One third of manufacturing companies in the UK are considering redundancies as coronavirus restrictions continue to impact their ability to trade.
According to a survey by manufacturers’ organisation, Make UK, 33% of companies are contemplating making staff redundant within the next six months.
Only a quarter of companies surveyed said they were operating at full capacity, and more than a third believe it will take between six and twelve months before they can return to normal trading. Almost three in ten also think it will take at least a year.
Make UK CEO, Stephen Phipson, said: “As a country and an economy we are at a crossroads. Looking to the long term, we need to lift our horizons to how we can transform the economy.
“This will require a different mindset in government from believing we can achieve growth simply through diverging from EU regulations which have little or no economic significance in the bigger picture.
“Instead we need an industrial strategy and vision on a scale not seen since the Marshall Plan which identifies new technologies and market openings that will benefit from enterprise-friendly policies on taxation, research and development, infrastructure and regional investment.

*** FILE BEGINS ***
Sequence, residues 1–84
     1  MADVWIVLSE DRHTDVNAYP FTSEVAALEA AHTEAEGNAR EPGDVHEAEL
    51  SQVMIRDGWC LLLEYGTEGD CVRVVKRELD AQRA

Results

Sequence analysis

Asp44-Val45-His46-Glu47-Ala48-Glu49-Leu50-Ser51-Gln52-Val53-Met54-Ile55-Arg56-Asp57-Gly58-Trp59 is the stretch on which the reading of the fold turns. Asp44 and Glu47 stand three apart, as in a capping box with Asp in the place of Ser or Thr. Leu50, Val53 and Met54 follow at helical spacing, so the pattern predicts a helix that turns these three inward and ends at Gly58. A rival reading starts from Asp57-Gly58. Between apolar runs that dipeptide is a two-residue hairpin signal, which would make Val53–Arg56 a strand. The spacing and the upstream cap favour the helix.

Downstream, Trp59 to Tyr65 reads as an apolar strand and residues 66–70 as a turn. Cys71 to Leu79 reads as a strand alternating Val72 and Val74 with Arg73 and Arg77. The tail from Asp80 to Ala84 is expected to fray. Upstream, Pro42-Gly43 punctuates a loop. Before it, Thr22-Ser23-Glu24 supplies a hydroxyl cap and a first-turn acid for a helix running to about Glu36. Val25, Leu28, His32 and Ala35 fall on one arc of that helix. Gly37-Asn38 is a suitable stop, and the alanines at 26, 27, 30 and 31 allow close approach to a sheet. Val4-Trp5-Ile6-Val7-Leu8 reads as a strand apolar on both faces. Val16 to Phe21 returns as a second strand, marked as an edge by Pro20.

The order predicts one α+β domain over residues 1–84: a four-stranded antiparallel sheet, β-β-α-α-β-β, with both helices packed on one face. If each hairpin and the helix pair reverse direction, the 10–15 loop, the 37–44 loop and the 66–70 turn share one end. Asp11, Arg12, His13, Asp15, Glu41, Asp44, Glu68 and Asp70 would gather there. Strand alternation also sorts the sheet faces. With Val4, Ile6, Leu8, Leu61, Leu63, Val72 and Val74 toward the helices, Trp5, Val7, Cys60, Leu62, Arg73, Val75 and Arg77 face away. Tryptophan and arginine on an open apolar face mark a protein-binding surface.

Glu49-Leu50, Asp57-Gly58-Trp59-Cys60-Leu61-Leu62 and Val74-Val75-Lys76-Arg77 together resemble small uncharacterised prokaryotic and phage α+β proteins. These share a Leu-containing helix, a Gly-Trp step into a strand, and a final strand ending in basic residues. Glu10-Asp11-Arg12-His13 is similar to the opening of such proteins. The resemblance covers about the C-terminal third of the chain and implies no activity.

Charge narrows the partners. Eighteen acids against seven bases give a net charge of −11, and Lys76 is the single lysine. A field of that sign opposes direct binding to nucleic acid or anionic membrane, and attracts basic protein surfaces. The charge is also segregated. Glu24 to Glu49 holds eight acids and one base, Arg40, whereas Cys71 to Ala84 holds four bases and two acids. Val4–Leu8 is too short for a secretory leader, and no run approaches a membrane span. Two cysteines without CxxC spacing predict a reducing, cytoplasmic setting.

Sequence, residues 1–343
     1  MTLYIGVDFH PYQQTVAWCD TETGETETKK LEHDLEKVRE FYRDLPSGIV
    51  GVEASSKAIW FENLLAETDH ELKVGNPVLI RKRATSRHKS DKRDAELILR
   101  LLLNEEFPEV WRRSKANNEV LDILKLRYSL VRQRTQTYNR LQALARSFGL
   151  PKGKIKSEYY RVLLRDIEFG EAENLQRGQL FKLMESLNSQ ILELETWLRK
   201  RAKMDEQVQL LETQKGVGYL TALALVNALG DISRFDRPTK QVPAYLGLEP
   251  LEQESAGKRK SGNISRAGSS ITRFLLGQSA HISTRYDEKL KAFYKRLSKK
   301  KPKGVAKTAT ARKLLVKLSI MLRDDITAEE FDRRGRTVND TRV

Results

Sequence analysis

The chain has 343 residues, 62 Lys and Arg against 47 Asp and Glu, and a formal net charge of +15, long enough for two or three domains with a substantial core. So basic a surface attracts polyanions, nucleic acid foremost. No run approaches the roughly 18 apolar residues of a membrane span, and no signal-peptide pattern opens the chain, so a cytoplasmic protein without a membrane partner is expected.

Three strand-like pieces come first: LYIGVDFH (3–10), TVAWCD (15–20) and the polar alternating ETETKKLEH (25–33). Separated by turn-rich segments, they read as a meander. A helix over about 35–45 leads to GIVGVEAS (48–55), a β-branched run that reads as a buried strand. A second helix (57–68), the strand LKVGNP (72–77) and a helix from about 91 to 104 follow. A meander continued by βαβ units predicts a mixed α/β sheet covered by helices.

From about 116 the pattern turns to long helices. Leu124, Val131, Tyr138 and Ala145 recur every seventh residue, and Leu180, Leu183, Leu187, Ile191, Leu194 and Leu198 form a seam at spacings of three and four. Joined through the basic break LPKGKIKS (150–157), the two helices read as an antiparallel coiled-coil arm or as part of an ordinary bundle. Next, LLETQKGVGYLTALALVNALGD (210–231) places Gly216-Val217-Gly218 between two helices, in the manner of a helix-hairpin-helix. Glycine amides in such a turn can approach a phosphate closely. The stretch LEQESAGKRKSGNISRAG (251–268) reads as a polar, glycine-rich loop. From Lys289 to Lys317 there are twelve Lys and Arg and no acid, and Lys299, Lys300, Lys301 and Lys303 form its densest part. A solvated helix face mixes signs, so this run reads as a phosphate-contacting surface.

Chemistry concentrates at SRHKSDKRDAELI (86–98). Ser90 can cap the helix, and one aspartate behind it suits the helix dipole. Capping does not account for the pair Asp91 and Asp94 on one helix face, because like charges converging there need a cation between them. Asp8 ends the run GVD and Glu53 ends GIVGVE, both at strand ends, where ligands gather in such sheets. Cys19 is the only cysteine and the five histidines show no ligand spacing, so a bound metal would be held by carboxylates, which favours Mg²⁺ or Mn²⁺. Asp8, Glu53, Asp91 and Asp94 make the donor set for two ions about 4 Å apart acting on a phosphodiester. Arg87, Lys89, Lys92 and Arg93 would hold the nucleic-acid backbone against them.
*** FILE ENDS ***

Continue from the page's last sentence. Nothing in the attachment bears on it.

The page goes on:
“In particular, government must work with industry to harness our thriving, world-class academic science and innovation base and put in place a process whereby this can be commercialised, especially as we move to a net zero economy.”
The survey of 186 companies was taken between 13 and 21 January, and found that more than a third of manufacturing businesses have seen both sales and orders fall since the beginning of 2021.
Almost one quarter of respondents said the current lockdown is better than the previous two, however in contrast, more than ten percent of companies believed conditions for their business were worse.
When asked about the Budget and what measures they would like to see the government implement, well over half - 56% - of manufacturing companies said they wanted to see Business Rates waived and a fall in costs.
The survey revealed that 47% of companies would like to see the Job Retention Scheme extended to at least autumn, as almost two fifths still have up to 10% of their staff on furlough.
Almost half - 45% - of manufacturing businesses want a longer-term commitment to increase investment allowances, and 35% want to see more fiscal incentives for research and development, including doubling the research and development tax credit.
Watch: What could scrapping EU labour laws mean for Brits?